This PDF is the current document as it appeared on Public Inspection on 12/19/2013 at 08:45 am.
Upon Written Request, Copies Available From: Securities and Exchange Commission, Office of Investor Education and Advocacy, Washington, DC 20549-0213.
Rule 17a-13, SEC File No. 270-27, OMB Control No. 3235-0035.
Notice is hereby given that, pursuant to the Paperwork Reduction Act of 1995 (“PRA”) (44 U.S.C. 3501 et seq.), the Securities and Exchange Commission (“Commission”) is soliciting comments on the collection of information provided for in Rule 17a-13 (17 CFR 240.17a-13) under the Securities Exchange Act of 1934 (15 U.S.C. 78 et seq.) (“Exchange Act”). The Commission plans to submit this existing collection of information to the Office of Management and Budget (“OMB”) for extension and approval.
Rule 17a-13(b) (17 CFR 240.17a-13(b)) generally requires that at least once each calendar quarter, all registered brokers-dealers physically examine and count all securities held and account for all other securities not in their possession, but subject to the broker-dealer's control or direction. Any discrepancies between the broker-dealer's securities count and the firm's records must be noted and, within seven days, the unaccounted for difference must be recorded in the firm's records. Rule 17a-13(c) (17 CFR 240.17a-13(c)) provides that under specified conditions, the count, examination, and verification of the broker-dealer's entire list of securities may be conducted on a cyclical basis rather than on a certain date. Although Rule 17a-13 does not require broker-dealers to file a report with the Commission, discrepancies between a broker-dealer's records and the securities counts may be required to be reported, for example, as a loss on Form X-17a-5 (17 CFR 248.617), which must be filed with the Commission under Exchange Act Rule 17a-5 (17 CFR 240.17a-5). Rule 17a-13 exempts broker-dealers that limit their business to the sale and redemption of securities of registered investment companies and interests or participation in an insurance company separate account and those who solicit accounts for federally insured savings and loan associations, provided that such persons promptly transmit all funds and securities and hold no customer funds and securities. Rule 17a-13 also does not apply to certain broker-dealers required to register only because they effect transactions in securities futures products.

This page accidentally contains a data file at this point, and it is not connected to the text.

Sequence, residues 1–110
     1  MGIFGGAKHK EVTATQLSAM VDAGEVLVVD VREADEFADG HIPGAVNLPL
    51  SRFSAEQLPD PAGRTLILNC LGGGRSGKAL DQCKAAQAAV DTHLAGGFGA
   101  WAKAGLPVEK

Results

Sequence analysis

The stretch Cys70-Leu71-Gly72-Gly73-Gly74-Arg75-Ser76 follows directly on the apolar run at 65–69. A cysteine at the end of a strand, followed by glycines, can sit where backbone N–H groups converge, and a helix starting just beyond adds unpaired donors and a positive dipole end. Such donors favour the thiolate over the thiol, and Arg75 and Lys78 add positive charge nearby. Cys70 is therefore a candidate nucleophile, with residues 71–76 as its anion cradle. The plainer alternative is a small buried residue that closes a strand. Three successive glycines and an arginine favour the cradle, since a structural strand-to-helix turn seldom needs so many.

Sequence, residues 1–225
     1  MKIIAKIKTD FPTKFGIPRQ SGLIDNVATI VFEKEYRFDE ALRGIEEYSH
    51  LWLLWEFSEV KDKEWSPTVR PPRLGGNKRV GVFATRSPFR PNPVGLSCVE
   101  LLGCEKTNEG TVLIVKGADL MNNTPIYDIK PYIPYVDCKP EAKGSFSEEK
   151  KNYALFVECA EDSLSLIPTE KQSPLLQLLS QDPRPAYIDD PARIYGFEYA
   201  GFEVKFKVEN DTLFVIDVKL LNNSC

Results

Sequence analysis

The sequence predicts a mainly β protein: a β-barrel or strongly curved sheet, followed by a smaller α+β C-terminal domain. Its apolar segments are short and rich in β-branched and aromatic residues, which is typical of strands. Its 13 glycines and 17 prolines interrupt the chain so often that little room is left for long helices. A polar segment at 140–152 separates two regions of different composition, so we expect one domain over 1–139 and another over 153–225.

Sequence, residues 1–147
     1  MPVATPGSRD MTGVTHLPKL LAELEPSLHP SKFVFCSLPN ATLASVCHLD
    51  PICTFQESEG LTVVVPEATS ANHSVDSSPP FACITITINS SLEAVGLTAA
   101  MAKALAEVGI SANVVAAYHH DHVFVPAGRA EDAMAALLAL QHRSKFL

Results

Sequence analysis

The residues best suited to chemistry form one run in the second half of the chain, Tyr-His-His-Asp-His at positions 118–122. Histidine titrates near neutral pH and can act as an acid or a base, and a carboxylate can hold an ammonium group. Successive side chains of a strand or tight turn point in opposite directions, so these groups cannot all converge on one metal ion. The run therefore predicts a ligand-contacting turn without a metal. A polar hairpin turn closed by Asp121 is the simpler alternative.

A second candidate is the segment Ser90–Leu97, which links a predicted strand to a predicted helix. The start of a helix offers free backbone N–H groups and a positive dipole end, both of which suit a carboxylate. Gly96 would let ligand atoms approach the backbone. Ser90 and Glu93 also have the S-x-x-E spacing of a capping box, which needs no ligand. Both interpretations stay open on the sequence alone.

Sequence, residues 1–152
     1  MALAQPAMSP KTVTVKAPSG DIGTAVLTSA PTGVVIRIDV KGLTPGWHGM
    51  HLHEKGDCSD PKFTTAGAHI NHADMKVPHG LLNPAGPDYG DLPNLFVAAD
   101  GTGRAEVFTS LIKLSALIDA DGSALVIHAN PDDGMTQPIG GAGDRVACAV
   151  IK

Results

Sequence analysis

The information obtained from Rule 17a-13 is used as an inventory control device to monitor a broker-dealer's ability to account for all securities held in transfer, in transit, pledged, loaned, borrowed, deposited, or otherwise subject to the firm's control or direction. Discrepancies between the securities counts and the broker-dealer's records alert the Commission and applicable self-regulatory organizations (“SROs”) to those firms experiencing back-office operational issues.